Walder sex abuse case stirs ultra-Orthodox 'Me Too' movement
'Women must have the right to speak up and be heard after being silenced for so long'
In the wake of Chaim Walder's death, and the death of one of his victims, the ultra-Orthodox community began to rise against the silencing of sexual abuse victims in the community.
Walder, a well-known author, committed suicide after it was reported that the Israel Police opened an investigation into him regarding sexual assault allegations. Several days after his death, one of his victims, Shifra Horovitz, committed suicide.
"Did a young woman sacrifice herself in order to be heard for things to move?" said Esty Shushan, founder of Nivcharot, the first and only ultra-Orthodox feminist organization in Israel.
"All this big talk about feminism and gender equality overrides everything. Women must have the right to speak up and be heard after being silenced for so long, while this criminal blossomed," Shushan continued.
Nivcharot aims to promote the status and rights of ultra-Orthodox women and include them in political processes.
Roughly 320,000 flyers reading "We all believe the victims" were distributed in ultra-Orthodox neighborhoods across Israel, a response to community leaders saying that allegations of sexual assault constitute "lashon hara," the Hebrew phrase meaning "gossip."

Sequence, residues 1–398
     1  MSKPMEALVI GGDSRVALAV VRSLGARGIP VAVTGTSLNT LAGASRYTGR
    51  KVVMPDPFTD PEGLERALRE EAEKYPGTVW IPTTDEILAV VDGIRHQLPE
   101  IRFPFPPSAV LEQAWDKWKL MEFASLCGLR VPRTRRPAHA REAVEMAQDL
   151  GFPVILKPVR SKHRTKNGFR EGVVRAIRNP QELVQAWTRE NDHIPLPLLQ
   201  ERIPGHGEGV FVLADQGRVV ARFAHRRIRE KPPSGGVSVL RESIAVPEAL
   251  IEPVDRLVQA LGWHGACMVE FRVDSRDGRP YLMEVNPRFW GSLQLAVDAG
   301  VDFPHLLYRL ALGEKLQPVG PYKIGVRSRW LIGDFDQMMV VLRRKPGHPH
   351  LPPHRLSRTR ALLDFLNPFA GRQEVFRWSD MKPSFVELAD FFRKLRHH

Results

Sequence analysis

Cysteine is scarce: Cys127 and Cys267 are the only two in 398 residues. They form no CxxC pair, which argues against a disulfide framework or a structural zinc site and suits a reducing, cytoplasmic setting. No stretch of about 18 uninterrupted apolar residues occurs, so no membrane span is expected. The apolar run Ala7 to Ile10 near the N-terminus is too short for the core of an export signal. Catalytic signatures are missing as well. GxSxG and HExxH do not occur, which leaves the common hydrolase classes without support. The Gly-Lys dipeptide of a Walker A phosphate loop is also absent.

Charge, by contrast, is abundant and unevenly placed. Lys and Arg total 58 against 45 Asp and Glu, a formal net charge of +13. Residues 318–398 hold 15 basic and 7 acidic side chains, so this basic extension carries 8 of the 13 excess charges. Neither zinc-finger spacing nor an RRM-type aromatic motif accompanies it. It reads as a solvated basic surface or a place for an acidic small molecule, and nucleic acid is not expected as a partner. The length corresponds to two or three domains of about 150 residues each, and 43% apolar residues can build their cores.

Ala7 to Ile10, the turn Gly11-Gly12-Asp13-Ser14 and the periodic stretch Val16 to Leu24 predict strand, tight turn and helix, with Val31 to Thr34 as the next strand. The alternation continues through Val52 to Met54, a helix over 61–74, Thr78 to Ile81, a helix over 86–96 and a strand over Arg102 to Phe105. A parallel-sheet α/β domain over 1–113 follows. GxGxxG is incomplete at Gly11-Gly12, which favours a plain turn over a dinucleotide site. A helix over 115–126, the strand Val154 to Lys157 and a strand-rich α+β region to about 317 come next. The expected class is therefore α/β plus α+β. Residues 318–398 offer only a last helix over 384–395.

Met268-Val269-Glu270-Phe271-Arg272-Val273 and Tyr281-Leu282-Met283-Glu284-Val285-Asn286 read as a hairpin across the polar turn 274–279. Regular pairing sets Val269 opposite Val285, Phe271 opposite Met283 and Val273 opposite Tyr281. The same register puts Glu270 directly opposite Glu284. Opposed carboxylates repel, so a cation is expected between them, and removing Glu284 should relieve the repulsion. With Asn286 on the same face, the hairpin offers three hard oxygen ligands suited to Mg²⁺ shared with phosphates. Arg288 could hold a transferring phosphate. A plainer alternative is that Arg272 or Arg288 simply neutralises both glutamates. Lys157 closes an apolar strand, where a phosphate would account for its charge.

"For an ultra-Orthodox man to speak out against a criminal of such stature is tantamount to opposing his own establishment," said Avigayil Heilbronn, founder of the "Don't Be Silent" online campaign, launched six years ago.
"The ultra-Orthodox politicians... talk about the tax on plastic disposables. This is the worst crisis within the ultra-Orthodox community since the inception of the state.
"The immense majority of our rabbis don't know the meaning of 'sexual abuse.' They just don't know. It's not malice or evil, but ignorance. They must learn, and now they are."